oderation isn’t exciting. Indeed, as Harry Clor notes in On Moderation, “an author who is excited by the idea, as I am, might be thought a bit eccentric.” But that eccentricity has gone mainstream in our atmosphere of heightened partisanship. Moderation is evoked in opinion columnists’ titles and political rhetoric, and its allure has inspired calls for a new, centrist political party. Saying of just what moderation consists, however, is difficult, but Aurelian Craiutu’s Faces of Moderation defines it and shows it in action through five vignettes.
In his earlier work, A Virtue for Courageous Minds: Moderation in French Political Thought, 1748-1830, Craiutu, an Indiana University political science professor, argued that moderation resembled a “submerged archipelago,” a cogent and complex tradition of political thought that has yet to be thoroughly examined. Moderation remains relevant because it enables us to approach the paradoxes that make up our regime’s core and “to defend the pluralism of ideas, principles, and interests against its enemies.”
Faces of Moderation’s aim is broader: Craiutu raises questions about moderation’s limitations and characteristics, its contingent relationship with political radicalism, and its agenda. He assumes “the role of a tour guide,” navigating us through the writings of Raymond Aron, Isaiah Berlin, Norberto Bobbio, Michael Oakeshott, and Adam Michnik.
Craiutu begins by rehabilitating political “trimming,” or the art of political deal-making, a term first appearing in the 1680s. Then and now, “trimming” was synonymous with fickleness and opportunism, but Craiutu advocates it as capable of diffusing tension to create dialogue and adept at synthesizing diverse opinions into a practicable compromise. Craiutu’s respect for trimming shows in his portrayal of Raymond Aron. Aron’s three years in Germany (1930-1933) colored his political understanding and shaped his international relations theories and moral philosophy. Hitler’s rise taught Aron that saving civilization from barbarism would require an examination of totalitarianism’s causes. Fascism and communism were secular religions whose leaders depended on believers’ “permanent mobilization” and promising “collective salvation” in return. Aron’s recognition of this strategy’s effectiveness and danger led him to eschew Hobbesian-style rationality. He urged political writers and researchers to begin their investigations by asking, “What would I do if I were in the place of the statesman at the helm of the State?” Sharp political thinking, and neither materialism’s bluntness nor Manichaean ideology’s hue and cry, would result in strategies for addressing dominant public problems.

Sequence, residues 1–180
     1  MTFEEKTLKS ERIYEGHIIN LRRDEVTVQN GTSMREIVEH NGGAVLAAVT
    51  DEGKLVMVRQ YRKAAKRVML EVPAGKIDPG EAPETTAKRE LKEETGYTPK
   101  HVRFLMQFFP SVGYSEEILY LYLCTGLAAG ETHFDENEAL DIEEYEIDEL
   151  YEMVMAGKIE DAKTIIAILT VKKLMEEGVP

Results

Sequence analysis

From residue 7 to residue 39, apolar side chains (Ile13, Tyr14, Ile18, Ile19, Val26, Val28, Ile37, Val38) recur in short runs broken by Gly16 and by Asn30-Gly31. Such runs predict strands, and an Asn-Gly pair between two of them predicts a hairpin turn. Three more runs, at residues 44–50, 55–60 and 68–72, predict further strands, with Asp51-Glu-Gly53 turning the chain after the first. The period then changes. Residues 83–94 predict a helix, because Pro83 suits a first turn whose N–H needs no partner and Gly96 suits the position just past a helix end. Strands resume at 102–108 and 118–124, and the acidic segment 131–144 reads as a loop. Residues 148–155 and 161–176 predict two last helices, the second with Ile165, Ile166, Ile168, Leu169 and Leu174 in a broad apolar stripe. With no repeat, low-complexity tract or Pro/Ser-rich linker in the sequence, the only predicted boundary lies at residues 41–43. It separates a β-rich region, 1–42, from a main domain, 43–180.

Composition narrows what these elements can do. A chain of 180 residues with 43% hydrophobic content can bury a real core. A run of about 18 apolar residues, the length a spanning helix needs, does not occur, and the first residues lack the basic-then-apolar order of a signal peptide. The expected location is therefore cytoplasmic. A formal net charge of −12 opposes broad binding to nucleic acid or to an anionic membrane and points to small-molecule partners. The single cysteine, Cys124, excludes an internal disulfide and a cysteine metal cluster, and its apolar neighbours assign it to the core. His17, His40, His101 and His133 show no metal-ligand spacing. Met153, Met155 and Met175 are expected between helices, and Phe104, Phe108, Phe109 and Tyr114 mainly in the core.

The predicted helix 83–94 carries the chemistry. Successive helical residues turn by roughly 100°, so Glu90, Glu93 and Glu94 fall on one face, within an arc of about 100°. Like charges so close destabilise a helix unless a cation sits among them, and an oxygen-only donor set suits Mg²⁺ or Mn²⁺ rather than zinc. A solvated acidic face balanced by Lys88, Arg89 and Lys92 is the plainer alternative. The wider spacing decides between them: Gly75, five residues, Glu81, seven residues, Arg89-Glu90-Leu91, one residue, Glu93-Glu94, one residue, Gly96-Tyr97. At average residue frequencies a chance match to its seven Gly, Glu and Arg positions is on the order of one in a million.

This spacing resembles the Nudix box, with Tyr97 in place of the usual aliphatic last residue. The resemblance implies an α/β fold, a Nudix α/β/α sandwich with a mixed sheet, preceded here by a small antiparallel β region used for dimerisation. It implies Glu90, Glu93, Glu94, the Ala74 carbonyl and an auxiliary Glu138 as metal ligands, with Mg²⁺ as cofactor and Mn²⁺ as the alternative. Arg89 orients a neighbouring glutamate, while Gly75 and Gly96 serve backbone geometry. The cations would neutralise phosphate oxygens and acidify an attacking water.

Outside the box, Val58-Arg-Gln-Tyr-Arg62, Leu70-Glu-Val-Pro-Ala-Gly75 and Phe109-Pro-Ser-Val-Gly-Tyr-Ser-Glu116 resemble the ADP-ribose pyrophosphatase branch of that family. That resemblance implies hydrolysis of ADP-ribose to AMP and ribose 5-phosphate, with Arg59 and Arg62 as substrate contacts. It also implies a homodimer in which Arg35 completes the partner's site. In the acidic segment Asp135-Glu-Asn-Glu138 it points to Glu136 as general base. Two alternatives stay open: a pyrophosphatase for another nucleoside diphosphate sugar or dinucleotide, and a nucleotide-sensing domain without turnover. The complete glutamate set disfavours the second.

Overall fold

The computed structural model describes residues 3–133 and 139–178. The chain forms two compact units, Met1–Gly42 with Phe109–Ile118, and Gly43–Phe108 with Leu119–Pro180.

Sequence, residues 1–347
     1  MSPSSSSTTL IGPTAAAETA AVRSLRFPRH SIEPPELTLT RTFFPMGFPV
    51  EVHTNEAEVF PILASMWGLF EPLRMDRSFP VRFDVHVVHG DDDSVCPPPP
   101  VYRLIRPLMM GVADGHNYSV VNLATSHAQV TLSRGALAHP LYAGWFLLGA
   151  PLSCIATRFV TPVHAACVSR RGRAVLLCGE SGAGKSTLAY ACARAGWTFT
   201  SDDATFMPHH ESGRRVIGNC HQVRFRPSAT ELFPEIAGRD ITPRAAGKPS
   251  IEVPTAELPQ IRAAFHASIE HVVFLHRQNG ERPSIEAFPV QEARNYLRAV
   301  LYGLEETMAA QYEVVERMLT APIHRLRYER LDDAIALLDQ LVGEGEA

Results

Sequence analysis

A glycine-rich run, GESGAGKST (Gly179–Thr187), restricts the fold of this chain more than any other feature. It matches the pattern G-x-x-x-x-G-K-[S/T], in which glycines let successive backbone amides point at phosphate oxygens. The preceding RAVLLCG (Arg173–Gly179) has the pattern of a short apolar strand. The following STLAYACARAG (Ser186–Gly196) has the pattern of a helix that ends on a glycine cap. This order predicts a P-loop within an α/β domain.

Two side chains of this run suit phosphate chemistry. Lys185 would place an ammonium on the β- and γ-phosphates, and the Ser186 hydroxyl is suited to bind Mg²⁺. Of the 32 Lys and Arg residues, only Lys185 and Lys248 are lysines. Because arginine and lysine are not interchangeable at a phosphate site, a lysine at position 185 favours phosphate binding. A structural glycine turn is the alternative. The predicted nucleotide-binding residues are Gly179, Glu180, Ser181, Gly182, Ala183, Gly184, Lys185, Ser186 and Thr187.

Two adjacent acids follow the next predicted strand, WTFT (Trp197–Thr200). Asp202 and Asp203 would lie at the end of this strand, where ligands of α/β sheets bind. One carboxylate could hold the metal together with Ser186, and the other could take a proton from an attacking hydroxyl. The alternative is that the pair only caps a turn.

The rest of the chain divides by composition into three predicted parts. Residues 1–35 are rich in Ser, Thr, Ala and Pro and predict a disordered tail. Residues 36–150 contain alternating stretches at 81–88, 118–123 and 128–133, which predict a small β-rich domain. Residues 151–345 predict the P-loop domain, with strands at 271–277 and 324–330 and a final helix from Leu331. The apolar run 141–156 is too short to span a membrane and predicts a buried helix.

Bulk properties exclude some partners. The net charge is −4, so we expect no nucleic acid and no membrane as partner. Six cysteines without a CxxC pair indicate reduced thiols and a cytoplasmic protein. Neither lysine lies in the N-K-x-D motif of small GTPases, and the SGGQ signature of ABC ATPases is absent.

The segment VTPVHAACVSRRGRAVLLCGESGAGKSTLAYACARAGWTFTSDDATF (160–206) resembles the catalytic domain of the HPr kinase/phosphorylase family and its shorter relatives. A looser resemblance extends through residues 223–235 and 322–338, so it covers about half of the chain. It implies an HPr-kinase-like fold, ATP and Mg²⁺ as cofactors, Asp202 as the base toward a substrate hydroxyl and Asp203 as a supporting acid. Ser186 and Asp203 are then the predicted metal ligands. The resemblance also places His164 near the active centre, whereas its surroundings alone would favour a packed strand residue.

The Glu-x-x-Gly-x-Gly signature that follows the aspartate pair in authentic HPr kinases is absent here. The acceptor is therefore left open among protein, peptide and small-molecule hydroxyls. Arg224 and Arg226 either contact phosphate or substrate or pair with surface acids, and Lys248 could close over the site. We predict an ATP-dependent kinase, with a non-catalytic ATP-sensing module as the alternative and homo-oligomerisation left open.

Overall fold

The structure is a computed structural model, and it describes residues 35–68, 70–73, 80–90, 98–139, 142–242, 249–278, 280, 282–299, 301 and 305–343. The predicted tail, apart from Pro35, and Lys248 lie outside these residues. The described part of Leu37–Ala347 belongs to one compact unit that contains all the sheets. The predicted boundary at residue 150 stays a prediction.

Aron supported pluralism through political reflection that forbade policymakers from allowing neutrality or sentimentality to obfuscate a potentially clear-eyed view. Policymakers ought to consider a wide array of public goods, including economic growth, justice, and division of labor. Rather than harmonizing these elements, they should be acknowledged and accepted into an imperfect, temporary compromise.